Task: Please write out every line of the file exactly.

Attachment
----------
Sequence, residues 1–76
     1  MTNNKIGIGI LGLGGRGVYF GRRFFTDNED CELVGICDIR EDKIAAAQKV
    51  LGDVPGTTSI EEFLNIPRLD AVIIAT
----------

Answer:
Sequence, residues 1–76
     1  MTNNKIGIGI LGLGGRGVYF GRRFFTDNED CELVGICDIR EDKIAAAQKV
    51  LGDVPGTTSI EEFLNIPRLD AVIIAT